« Southwest Art Club - Watercolor Workshop | Main | Meet Kid Author-Jordan »

Southwest Book Club Meets February 18

devilinthegrove.jpg Join the Southwest Book Club this month to discuss Devil in the Grove. Author Gilbert King chronicles a little-known court case in which Thurgood Marshall saved a black citrus worker from the electric chair after the worker was accused of raping a white woman in 1949 with three other black men in Groveland, Florida. 2013 Pulitzer Prize winner for General Nonfiction.

Anyone age 18 or older is welcome to attend. The book club meets monthly at the Southwest Branch Library. No registration needed. For more information, please call 407.835.7323 or email southwest@ocls.info.

Tuesday, February 18
7:00 p.m.
Library Meeting Room

Discussion Questions
If you are unable to attend the meeting or you would like to join our discussion, you can share your thoughts or respond to the discussion questions below. Simply click "Comments" located at the bottom of this post. Join the discussion!

1. Was there anything that made you think about Thurgood Marshall differently in terms of his role in American history based on what you've read in Devil in the Grove?

2. Reviewers have commented that Devil in the Grove has the narrative drive of a thriller. Did this book read or feel differently than other nonfiction books you've read in the past?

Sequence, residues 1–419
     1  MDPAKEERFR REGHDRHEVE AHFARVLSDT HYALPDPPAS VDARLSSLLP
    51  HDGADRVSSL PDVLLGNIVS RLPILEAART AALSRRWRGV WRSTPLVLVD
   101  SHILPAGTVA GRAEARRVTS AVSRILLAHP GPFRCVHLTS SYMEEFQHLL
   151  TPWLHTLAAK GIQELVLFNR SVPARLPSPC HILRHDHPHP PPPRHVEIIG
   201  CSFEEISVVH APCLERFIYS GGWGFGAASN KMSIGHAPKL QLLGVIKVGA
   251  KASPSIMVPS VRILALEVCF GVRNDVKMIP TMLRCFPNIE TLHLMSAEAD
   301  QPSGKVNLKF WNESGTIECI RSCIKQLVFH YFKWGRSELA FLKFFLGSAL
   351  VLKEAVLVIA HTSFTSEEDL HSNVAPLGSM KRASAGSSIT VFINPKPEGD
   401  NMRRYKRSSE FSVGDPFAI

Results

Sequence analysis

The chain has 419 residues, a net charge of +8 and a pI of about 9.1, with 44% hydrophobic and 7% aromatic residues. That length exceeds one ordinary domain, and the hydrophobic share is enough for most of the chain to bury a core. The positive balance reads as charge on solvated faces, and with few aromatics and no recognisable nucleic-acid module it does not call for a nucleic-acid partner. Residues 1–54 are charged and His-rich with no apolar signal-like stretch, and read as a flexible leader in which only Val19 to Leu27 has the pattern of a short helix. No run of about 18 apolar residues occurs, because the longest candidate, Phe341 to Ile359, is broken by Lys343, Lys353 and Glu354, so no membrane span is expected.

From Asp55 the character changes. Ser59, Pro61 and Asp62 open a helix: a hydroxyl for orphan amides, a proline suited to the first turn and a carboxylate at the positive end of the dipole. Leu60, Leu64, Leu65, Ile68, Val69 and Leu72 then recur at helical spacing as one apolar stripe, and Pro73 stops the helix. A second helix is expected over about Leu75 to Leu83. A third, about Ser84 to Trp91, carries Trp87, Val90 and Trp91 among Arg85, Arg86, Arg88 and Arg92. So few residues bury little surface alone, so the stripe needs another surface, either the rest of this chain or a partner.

3. Four people were killed during this case, yet Marshall still saw it as a victory. Why do you think that was so?

4. Before reading the book, were you aware of the Ku Klux Klan's activities in Florida during the first half of the twentieth century? Do you believe that race relations evolved differently in Florida than in the rest of the South?

Questions obtained from back of book and Reading Group Guides

Post a comment

(If you haven't left a comment here before, you may need to be approved by the site owner before your comment will appear. Until then, it won't appear on the entry. Thanks for waiting.)

Under Florida law, e-mail addresses are public records. If you do not want your e-mail address released in response to a public-records request, do not include your e-mail address in your comments. Instead, contact this office by phone or in writing.